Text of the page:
The WordPress core generally fices usability or security issues. We would expect all plugins to be at least updated to the previous core update, at time of writing core is at 5.8. If a plugin isn’t at least tested up to 5.7 it’s a no-go.

A caveat, if core has been release a month or two, then we would expect the plugin to be tested on the latest version. It seems like a small thing, but exploits exist, and if a developer is falling behind with testing then chances are your site will suffer.

4. Plugin rating and comments

You may not have expected this one. There are over 50,000 plugins in the WordPress plugin library. That means there is a lot of competition. A look through the comments will give you an idea of the quality of the plugin and any issues reported by other users.

Similar to the number of active installations above, this is a comparative metric. Like Amazon reviews, plugin ratings and comments are entirely subjective, but they are useful to compare like for like plugins. So if you are trying to decide on an SEO plugin for example, comparing the rating and reading the comments for the top plugins will help you decide which is the best fit for your site.

5. Developer responsiveness

For us, this is an important one. Every plugin, and we mean every plugin, will have problems and bugs. Even the best developers will need to fix something on their plugins. So it is very important to know how the developer responds. Especially how quickly the developer responds, and how long it takes to find a fix. So how can you measure developer responsiveness?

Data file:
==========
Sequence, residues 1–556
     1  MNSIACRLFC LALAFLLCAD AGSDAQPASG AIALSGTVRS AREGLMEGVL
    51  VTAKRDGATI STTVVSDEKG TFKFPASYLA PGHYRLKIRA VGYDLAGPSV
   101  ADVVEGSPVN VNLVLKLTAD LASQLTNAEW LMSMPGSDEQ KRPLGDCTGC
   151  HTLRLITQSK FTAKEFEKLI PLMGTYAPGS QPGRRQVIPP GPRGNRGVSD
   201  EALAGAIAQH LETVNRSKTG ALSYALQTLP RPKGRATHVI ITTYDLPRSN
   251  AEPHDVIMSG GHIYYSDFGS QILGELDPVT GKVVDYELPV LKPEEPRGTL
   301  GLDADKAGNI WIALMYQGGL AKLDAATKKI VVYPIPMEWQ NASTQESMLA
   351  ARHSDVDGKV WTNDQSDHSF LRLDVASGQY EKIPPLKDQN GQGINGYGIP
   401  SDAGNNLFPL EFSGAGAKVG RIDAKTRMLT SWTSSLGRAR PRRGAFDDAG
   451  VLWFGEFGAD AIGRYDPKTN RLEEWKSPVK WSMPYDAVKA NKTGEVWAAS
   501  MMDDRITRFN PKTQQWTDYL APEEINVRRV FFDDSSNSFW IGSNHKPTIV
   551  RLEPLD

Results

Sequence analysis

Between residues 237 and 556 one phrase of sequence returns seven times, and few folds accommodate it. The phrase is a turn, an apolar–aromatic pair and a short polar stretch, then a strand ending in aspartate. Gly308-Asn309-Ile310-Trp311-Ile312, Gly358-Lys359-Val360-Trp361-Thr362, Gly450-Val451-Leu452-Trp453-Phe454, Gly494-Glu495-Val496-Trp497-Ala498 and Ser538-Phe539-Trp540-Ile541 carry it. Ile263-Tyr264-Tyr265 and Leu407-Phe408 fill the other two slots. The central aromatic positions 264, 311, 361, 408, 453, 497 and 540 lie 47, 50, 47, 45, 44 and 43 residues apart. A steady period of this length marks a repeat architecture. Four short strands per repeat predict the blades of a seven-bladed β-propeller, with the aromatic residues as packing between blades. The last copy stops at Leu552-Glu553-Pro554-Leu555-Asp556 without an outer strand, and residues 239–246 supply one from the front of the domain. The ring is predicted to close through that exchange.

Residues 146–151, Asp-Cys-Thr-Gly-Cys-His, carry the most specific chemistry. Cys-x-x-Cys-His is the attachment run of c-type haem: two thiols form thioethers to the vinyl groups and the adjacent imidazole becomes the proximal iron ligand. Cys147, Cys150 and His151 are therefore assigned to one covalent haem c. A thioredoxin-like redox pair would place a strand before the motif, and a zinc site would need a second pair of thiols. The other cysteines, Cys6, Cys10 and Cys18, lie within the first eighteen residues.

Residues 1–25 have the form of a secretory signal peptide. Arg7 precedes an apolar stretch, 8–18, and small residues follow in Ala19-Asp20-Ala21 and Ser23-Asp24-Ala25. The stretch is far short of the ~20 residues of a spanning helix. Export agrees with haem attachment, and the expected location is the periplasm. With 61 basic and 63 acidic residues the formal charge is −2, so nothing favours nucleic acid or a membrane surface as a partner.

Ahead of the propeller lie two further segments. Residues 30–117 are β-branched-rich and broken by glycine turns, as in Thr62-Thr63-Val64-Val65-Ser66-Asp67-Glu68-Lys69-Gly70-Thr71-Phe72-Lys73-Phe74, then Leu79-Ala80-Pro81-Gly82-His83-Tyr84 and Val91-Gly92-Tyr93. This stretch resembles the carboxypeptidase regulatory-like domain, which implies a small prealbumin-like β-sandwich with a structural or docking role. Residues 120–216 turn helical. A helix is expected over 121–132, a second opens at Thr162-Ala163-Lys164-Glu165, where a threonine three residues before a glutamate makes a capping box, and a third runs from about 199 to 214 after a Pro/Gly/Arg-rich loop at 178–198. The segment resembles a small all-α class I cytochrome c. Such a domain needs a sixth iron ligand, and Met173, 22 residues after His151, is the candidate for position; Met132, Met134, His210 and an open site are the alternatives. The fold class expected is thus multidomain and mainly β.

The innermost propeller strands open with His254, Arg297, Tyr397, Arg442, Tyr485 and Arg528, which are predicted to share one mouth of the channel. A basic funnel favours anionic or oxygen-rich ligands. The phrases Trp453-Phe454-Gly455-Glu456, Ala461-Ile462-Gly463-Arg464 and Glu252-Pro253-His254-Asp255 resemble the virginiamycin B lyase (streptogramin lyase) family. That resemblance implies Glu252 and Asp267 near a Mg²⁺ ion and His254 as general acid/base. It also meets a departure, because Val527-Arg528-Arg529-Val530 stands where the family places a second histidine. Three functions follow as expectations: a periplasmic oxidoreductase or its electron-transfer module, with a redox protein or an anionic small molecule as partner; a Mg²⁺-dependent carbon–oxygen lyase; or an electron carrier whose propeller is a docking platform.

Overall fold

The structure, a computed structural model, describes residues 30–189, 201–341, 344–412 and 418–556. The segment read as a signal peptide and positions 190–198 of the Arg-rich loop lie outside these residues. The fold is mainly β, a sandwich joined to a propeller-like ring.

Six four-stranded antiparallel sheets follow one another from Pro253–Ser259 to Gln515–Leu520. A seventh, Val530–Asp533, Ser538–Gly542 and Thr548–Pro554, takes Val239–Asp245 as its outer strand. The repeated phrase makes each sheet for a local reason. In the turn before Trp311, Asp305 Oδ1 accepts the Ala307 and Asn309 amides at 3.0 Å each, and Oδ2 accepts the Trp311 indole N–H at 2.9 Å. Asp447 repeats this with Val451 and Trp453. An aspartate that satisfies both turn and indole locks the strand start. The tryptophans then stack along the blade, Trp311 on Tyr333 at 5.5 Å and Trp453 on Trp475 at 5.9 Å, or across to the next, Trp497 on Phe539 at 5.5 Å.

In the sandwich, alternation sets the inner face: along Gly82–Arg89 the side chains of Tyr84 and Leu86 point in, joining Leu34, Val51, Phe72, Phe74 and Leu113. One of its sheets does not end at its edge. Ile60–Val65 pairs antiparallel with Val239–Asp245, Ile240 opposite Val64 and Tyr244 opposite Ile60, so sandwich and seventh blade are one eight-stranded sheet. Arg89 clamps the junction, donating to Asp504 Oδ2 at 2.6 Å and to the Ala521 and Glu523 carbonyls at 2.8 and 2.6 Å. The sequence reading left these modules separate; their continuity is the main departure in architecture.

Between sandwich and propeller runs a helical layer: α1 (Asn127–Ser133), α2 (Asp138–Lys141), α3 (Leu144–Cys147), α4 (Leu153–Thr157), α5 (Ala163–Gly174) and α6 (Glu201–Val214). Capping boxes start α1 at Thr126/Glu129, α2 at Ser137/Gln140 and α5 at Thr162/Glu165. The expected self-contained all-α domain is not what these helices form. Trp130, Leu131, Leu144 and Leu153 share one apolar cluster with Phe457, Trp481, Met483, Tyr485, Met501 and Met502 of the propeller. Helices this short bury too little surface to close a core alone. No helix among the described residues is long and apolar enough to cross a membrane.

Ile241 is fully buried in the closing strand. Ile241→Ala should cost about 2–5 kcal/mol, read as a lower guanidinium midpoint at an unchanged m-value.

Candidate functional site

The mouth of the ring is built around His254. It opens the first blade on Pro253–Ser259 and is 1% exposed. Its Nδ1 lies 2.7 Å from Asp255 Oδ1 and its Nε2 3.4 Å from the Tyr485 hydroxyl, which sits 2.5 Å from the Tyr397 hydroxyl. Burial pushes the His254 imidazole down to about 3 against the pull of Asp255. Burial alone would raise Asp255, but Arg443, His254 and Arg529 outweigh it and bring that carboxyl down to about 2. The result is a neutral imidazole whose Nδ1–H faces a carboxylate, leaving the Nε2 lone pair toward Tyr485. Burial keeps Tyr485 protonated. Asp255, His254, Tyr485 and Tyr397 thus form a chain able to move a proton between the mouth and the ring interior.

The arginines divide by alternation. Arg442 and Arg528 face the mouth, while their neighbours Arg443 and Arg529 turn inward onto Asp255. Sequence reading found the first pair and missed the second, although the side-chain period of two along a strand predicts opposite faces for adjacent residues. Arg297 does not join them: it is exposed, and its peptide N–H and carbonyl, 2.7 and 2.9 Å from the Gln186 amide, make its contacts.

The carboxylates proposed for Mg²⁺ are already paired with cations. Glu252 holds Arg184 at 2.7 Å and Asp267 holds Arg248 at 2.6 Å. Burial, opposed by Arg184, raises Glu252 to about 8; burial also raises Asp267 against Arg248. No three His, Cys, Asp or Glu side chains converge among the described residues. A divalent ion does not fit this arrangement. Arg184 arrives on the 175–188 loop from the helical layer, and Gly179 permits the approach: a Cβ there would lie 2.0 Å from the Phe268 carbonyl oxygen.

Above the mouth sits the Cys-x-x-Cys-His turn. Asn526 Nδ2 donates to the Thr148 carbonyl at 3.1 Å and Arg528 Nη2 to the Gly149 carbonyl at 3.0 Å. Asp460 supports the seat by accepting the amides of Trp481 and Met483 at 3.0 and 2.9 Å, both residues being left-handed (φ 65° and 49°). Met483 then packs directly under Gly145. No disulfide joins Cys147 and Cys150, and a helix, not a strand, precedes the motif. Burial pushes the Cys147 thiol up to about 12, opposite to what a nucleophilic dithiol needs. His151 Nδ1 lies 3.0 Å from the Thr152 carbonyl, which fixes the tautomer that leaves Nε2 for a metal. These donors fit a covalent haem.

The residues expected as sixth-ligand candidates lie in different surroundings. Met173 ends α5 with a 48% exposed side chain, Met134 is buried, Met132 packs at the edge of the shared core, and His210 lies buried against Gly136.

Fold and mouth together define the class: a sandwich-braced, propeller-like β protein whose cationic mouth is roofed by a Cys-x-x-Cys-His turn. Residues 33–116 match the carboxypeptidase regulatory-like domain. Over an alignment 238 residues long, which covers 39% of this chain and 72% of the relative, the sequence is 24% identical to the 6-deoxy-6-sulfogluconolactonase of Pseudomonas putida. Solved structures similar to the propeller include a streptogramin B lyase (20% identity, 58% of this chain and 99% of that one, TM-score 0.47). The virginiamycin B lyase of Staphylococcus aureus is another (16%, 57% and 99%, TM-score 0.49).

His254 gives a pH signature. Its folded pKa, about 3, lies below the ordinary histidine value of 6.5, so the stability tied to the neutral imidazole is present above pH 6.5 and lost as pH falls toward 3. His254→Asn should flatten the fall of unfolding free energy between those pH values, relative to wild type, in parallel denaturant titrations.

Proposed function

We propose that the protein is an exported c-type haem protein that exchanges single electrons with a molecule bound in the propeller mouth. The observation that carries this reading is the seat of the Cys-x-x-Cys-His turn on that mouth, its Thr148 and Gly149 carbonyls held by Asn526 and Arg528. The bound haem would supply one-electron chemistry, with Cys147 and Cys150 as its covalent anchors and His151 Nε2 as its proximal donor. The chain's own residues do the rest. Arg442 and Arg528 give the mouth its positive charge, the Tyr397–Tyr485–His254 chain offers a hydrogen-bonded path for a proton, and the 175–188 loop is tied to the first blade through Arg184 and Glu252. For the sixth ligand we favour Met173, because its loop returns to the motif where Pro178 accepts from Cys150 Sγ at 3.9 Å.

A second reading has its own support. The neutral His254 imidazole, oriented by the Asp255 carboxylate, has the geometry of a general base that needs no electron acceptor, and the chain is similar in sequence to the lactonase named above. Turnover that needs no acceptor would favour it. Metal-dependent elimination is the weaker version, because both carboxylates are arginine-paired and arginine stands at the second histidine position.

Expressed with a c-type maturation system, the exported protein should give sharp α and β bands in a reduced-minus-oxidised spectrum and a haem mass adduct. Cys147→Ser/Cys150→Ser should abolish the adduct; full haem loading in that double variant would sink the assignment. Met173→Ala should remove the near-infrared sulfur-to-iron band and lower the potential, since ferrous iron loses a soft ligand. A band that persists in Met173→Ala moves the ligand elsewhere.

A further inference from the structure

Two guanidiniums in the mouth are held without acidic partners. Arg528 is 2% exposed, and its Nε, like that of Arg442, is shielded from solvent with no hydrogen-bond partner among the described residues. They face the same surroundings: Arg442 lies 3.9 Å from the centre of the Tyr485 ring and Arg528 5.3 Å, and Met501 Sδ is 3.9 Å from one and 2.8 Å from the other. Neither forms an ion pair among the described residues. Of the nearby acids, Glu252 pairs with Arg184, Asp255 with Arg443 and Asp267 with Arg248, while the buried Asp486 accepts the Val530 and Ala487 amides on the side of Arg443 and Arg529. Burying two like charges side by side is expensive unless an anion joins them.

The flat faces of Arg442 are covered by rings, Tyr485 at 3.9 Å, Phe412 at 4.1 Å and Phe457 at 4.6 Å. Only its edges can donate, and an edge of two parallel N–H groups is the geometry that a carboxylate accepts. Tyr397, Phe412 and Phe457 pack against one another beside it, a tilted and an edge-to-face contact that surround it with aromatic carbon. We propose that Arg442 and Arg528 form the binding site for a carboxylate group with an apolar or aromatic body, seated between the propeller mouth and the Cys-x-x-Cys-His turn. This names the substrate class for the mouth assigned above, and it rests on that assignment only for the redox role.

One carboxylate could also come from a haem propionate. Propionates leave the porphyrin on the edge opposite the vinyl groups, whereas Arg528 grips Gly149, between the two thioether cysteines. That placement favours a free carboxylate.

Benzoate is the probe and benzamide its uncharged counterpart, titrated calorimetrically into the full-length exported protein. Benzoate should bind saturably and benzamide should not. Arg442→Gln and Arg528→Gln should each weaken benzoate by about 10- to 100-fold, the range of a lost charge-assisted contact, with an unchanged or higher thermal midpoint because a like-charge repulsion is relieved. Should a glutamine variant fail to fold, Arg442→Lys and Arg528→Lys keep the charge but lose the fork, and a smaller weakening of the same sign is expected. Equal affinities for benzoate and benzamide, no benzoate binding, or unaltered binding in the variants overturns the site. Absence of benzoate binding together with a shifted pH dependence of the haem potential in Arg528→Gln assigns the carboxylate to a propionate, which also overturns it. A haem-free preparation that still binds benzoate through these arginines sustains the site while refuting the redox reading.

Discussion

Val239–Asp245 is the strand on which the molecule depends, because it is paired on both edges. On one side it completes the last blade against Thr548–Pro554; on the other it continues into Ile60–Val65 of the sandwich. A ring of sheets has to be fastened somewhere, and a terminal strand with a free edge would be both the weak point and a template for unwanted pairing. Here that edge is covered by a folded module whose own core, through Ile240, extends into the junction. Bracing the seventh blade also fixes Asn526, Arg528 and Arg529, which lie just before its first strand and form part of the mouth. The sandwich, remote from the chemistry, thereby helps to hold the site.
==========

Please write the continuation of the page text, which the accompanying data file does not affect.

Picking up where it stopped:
There are two ways to test responsiveness. First, on the plugin home page look for the Support section and specifically where it says “Issues resolved in last two months”. How many issues have been solved? If the number is low compared to the total number of issues then perhaps the developers are not taking issues seriously, or not finding the time to implement a fix.

If you want to dig a little deeper, click on the Support tab and take a look at the a few of the posts. Look for bugs or functionality issues and see who long it take the developer to respond to support requests. With the most popular plugins you would expect to say a response same day, with any plugin you want a response within a day or two. Think about it, if you have a plugin you rely on for your business, can you wait a week or more for a support request? It is doubtful.

WordPress Plugin Management

It’s tempting to just install the first plugin that seems to fit the bill, we have been there. But those of us who manage plugins in WordPress we need to play smarter. Make sure the plugin has been recently updated, ideally in the last 3 months. Check the number of active installations, if lots of people are using the plugin it is likely it works. Ensure the developers have tested the plugin up to latest core version of WordPress, do not risk a security issue, it is not worth it.

If you have several options available, then compare ratings, comments and the support responses. These will help you decide if a plugin is going to work for you or not.

Let’s face it. plugins are awesome, until they are not. We can avoid the not with good WordPress plugin management doing our due diligence before installation.